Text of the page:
In dealing with varied violent protests, the government must also earmark certain taskforces. Organisations such as the Border Security Force (BSF) and Rapid Action Force (RAF) have clear instructions on what their mandate is, which helps them in doing their job. However other security groups such as the CRPF are used  for different situations -- election duty, insurgencies, static security for installations. This reduces their effectiveness and ability to deal with any one of these duties. It is therefore absolutely vital to create  a special force whose only mandate is maintaining law and order in Kashmir. The security personnel  of the force should be trained and briefed, having analysed case studies about past protests in the state. Once educated about the nature of protests and how they were dealt with in the past, they should be given proper riot gear and other equipment that is necessary to deal with the protest. In Kashmir, proper protective gear for security officials and riot gear should be provided in order to deal with stone pelting or a crowd bent on arson.

Besides building proper surveillance and juridical frameworks to control violent civil protests, the government should restructure police forces. The thana or local police stations should be given greater administrative powers that allow them to control violence at the ground level. Their familiarity with the region, the crowd and nature of the protest make the thana police the most capable of stopping violence before it starts. With proper resources and greater power, the thana police can be more effective in areas under their jurisdiction, evolving close contract with protestors and preventing the outbreak of violent protest.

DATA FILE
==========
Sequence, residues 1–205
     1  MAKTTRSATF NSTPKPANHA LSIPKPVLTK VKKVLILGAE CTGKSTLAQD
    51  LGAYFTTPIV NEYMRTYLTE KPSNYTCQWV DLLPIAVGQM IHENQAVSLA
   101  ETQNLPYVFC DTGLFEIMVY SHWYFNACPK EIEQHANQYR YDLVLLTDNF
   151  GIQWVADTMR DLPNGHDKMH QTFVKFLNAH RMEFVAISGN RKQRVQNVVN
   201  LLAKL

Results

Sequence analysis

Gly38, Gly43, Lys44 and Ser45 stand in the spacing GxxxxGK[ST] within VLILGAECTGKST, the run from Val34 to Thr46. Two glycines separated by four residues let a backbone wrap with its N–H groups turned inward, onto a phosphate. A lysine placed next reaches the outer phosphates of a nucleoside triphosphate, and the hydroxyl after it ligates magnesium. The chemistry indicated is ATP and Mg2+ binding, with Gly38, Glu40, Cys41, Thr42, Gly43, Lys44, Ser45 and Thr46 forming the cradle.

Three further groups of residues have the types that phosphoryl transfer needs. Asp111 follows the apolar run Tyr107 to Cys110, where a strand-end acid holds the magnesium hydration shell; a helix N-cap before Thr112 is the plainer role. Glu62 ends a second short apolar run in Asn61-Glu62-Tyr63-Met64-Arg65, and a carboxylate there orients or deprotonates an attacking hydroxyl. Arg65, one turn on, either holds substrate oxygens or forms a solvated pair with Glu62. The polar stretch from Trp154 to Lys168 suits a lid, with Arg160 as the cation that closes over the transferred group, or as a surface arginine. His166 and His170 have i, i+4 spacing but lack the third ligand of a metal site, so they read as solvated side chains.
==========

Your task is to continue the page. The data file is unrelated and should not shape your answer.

While devising policies, strategies, methods, tactics and laws to deal with violent civil protests, it is imperative for the government to set down guidelines for security officials for the dispersal of a protesting crowed. While use of firearms is prohibited in countries such as Japan, and tear gas is not used in England, India must reconsider the use of pellet guns and other projectiles that cause damage to protestors. Security officials must understand the right of civilians to protest and therefore must not aim to hurt, maim or cause serious damage to them. Their goal should be to tire out the crowd and disperse them in a peaceful and lawful manner. They should not be treated as the ‘enemy’, and proper medical care should be arranged by the government during protests, for both security officials and protesting civilians. By implementing proper policy, tactics, earmarking force units, training and briefing security officials, violent civil protests can be controlled in the country.

This report was prepared by Kriti M. Shah, Research Assistant, Observer Research Foundation, Delhi